For a broader picture of the effort to forge
a party of the working-class vanguard in the
United States, Pathfinder's foui-volume se-
ries on the struggle to organize the Teamsters
union in the Midwest is especially useful:
Teamster Rebellion, Teamster Power, Team-
ster Politics, and Teamster Bureaucracy. The
series was written by Farrell Dobbs, a prom-
inent leader of the Teamster organizing drives
in the 1930s who later served as the SWP's
national secretary. Dobbs describes the hard-
fought labor battles through which an entire
layer of working-class fighters learned how
to carry out serious revolutionary work in the
trade unions and were won to socialism. The
impact of the Teamsters' experience on the
evolution and development of the forces that
founded the SWP was deeply felt in the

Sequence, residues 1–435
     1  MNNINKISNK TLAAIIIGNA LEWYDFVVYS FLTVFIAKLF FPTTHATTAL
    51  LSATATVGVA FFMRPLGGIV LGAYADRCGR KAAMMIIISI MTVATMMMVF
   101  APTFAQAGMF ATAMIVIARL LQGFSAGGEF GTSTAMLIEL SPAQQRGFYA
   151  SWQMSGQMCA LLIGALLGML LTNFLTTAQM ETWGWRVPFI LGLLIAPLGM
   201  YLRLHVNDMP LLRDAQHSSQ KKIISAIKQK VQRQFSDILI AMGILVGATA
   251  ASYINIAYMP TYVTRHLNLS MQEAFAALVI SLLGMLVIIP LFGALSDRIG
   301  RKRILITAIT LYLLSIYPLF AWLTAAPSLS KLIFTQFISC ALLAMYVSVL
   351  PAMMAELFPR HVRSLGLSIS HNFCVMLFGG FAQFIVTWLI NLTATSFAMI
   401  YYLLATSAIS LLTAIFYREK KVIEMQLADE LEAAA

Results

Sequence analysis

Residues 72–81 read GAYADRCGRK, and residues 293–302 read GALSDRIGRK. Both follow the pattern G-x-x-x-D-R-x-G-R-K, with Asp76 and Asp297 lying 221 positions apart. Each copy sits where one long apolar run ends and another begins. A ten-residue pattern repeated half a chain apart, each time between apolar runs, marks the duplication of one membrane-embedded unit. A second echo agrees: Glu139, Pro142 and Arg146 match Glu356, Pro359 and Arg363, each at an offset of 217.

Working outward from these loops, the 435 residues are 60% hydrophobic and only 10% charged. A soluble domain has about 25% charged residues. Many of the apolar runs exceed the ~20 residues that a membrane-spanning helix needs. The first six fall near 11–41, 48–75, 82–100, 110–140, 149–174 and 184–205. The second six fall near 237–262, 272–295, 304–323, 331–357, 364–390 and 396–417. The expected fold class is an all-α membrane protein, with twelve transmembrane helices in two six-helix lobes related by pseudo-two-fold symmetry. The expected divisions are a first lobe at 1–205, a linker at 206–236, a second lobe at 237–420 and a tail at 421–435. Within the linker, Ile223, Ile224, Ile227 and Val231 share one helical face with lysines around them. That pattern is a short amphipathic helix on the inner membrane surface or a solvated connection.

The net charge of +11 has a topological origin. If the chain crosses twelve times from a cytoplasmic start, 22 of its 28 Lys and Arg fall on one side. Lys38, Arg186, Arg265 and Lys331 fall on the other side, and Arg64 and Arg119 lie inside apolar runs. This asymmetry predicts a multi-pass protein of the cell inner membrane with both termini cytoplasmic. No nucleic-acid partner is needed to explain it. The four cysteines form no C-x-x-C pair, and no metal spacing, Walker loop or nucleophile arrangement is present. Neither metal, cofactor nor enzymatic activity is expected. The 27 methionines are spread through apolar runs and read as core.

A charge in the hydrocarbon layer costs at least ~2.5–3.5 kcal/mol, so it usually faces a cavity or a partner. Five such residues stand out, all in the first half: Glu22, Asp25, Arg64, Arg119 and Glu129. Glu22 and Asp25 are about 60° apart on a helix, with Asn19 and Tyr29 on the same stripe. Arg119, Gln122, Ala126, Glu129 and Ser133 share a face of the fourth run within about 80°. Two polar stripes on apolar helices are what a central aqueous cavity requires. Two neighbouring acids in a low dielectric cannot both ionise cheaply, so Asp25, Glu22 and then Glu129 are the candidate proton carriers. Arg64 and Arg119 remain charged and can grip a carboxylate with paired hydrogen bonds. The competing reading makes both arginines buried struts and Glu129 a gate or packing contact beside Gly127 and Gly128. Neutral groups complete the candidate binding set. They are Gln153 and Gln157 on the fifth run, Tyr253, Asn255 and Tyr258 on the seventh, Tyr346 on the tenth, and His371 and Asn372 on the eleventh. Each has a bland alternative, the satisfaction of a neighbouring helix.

1939-40 struggle, in which the proletarian
character of the party was challenged and
successfully defended.


During the period of capitalist expansion
following World War ll, the labor movement
was pushed out of the center of politics in
the United States. This began to change as
the 1974-75 international recession, the

deepest since 1937, registered the scope of
the economiC crisis facing the capitalist rul-
ers. To bolster declining profit rates, employ-
ers began squeezing more out of working
people and launched an assault on the unions.
Labor's resistance to this assault, which
has gone through ups and downs, has moved
the unions back into a central place in U.S.